Unlike the plaintiffs in Fagan, Stein does not claim that the guardrail failed to prevent the fatal injury but, rather, directly caused the injury. Further, Stein claims that it was a dangerous condition of Commonwealth real estate, as opposed to a highway, that caused Decedent's fatal injury. Because of these distinctions, Stein asserts that Fagan's holding is not dispositive.

In support of this line of reasoning, Stein directs our attention to Von der Heide v. Department of Transportation, 553 Pa. 120, 718 A.2d 286 (1998). In Von der Heide, a vehicle crossed the lane of oncoming traffic, struck a guardrail and then a bridge abutment, killing the driver. The estate claimed that the roadway and guardrail were defective. PennDOT countered that the driver fell asleep at the wheel, which was the superseding cause of the accident. The Supreme Court held that the trial court did not err in omitting a jury instruction on superseding cause. Stein posits that the only inference to be drawn from Von der Heide is that the Commonwealth can be held liable for a defective guardrail, where the guardrail itself causes the harm. Otherwise, the Von der Heide estate could not have prevailed.

Stein also directs us to Snyder v. Harmon, 522 Pa. 424, 562 A.2d 307 (1989). In Snyder, our Supreme Court held that the Commonwealth could not be held liable for failing to erect a guardrail to keep people from falling into a strip mine adjacent to a highway. Although the Commonwealth is responsible for a dangerous condition of its real estate, the Supreme Court explained that the dangerous condition at issue in Snyder was the strip mine owned by a private party. Stein reads Snyder to mean that the Commonwealth can be held liable where the dangerous condition on land adjacent to the highway is owned by the Commonwealth.

The Commission responds that Stein's attempts to circumvent the holding in Fagan lack merit. We agree.

First, Stein's reliance on Von der Heide is misplaced. As we explained in Fagan, since Von der Heide, our appellate courts have consistently narrowed the Section 8522(b)(4) exception to sovereign immunity. In addition, the issue of whether the guardrail was negligently designed was neither addressed nor resolved in Von der Heide. The only issue was whether, in a comparative negligence case, the superseding cause can be raised by defendants against the plaintiff. The Supreme Court clarified that the superseding cause cannot be used against a plaintiff; it can be raised only where it is the acts of a third party that are claimed to be the superseding cause of the accident.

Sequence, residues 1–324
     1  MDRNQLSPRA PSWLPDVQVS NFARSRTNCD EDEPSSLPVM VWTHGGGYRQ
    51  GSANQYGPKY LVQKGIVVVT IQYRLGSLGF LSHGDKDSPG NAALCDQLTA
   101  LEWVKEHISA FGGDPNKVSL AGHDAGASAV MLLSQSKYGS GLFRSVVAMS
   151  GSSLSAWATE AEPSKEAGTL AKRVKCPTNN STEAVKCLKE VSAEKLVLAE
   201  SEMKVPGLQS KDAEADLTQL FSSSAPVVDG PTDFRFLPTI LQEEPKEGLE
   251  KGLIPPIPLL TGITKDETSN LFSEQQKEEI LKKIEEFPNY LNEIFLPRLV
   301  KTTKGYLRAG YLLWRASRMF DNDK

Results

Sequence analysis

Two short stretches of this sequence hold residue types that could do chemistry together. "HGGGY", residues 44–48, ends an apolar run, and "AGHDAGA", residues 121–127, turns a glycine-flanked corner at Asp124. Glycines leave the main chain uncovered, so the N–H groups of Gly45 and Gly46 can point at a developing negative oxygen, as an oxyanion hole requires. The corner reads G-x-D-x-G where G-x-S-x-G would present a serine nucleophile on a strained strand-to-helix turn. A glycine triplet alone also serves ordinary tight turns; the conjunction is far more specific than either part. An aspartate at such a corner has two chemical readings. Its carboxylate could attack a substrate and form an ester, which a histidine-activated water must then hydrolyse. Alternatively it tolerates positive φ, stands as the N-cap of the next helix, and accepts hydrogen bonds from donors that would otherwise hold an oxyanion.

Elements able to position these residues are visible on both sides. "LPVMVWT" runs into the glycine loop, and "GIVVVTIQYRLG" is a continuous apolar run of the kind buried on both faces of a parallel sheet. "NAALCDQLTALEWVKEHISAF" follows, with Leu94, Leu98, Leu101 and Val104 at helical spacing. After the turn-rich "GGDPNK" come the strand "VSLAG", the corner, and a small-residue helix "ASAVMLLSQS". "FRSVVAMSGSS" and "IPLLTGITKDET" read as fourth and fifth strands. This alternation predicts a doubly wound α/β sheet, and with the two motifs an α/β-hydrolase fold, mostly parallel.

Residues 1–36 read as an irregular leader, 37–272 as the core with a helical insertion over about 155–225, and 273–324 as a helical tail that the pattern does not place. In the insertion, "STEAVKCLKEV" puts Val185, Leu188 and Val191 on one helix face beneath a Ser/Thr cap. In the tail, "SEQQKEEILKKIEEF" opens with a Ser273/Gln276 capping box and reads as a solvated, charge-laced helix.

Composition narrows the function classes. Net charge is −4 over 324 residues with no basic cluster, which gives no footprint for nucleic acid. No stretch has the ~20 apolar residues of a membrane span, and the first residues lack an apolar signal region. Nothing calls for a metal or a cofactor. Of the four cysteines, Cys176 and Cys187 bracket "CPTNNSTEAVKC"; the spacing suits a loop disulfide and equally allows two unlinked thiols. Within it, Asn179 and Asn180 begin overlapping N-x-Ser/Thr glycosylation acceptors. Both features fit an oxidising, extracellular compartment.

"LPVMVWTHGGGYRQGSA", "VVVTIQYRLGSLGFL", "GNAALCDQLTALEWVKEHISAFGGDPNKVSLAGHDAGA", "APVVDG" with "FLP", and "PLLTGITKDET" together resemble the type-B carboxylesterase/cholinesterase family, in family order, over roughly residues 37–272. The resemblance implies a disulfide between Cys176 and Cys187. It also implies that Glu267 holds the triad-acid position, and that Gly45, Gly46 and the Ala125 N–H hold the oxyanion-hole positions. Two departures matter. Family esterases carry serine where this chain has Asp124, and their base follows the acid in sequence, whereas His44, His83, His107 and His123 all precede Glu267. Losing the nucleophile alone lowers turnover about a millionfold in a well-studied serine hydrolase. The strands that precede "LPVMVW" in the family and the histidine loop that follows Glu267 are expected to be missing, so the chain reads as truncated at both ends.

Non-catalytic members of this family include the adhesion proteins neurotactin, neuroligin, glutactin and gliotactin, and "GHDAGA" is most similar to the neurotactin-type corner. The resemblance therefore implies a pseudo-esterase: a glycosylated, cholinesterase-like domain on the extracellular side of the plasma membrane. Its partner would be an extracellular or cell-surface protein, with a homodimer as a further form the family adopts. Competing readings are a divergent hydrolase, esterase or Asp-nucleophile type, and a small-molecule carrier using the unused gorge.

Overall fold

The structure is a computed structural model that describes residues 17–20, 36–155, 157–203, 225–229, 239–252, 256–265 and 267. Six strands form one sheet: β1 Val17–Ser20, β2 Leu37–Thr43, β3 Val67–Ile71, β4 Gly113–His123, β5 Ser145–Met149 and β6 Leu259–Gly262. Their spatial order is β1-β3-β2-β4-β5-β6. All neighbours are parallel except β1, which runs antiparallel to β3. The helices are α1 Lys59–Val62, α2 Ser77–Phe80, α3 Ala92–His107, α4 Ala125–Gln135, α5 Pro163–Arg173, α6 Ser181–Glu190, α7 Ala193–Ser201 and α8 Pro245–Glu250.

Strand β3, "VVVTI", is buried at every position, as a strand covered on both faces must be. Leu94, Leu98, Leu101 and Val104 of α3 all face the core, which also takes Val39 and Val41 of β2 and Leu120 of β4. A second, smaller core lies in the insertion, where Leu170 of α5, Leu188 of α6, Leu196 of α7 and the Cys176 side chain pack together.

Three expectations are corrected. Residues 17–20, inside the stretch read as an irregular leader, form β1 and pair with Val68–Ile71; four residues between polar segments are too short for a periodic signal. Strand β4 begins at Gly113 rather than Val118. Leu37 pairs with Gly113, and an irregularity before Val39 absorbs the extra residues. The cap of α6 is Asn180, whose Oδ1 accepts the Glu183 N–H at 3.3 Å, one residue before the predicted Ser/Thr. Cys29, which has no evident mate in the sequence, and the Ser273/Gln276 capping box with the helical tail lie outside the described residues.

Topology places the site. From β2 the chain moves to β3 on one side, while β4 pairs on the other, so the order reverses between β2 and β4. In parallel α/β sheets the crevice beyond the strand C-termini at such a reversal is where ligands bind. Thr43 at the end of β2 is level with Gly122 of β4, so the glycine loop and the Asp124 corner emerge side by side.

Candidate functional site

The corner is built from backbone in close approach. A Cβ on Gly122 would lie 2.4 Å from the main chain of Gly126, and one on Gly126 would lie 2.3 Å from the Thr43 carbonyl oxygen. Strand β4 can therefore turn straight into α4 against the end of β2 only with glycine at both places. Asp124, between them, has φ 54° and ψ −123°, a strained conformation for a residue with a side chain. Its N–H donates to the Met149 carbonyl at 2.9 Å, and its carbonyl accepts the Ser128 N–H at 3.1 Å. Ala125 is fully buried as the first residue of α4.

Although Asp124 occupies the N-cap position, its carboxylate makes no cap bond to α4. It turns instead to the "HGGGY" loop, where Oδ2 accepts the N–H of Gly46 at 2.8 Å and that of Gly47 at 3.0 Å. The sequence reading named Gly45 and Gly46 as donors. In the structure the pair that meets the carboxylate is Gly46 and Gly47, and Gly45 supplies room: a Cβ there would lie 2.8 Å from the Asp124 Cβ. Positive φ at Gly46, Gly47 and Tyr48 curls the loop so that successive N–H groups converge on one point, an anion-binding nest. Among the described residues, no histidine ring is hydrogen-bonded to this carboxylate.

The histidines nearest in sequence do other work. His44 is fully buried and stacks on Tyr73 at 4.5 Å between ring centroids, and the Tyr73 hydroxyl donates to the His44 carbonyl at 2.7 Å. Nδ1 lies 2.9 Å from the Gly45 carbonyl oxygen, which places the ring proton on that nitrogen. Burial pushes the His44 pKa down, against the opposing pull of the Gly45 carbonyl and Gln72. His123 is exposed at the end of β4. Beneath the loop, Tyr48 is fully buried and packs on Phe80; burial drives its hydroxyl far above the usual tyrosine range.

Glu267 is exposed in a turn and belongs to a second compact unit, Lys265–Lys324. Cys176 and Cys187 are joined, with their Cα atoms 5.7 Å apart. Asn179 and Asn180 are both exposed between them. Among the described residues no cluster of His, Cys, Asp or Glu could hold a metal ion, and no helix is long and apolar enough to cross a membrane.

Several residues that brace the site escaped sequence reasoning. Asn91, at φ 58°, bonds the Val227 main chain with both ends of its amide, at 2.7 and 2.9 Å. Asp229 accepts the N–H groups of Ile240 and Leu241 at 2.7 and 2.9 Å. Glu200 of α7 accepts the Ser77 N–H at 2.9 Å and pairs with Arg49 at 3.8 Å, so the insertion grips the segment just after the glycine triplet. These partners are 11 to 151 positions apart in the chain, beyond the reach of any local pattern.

Second, Snyder did not establish that in some instances a guardrail should be considered under the real estate exception as opposed to the highway exception. In Dean and in every other case involving a guardrail, whether alleged to be negligently absent or negligently designed, it is the highway exception that governs the sovereign immunity analysis. Indeed, Stein's cause of action is based upon the argument that the guardrail's design presented a danger to one traveling on the highway, i.e., Decedent. Accordingly, the focus is whether the guardrail in question rendered the highway unsafe for its intended purpose of travel. Stein's argument that the Fagan holding can be avoided by invoking the real estate exception, as opposed to the highway exception, is creative. However, it does not work for several reasons.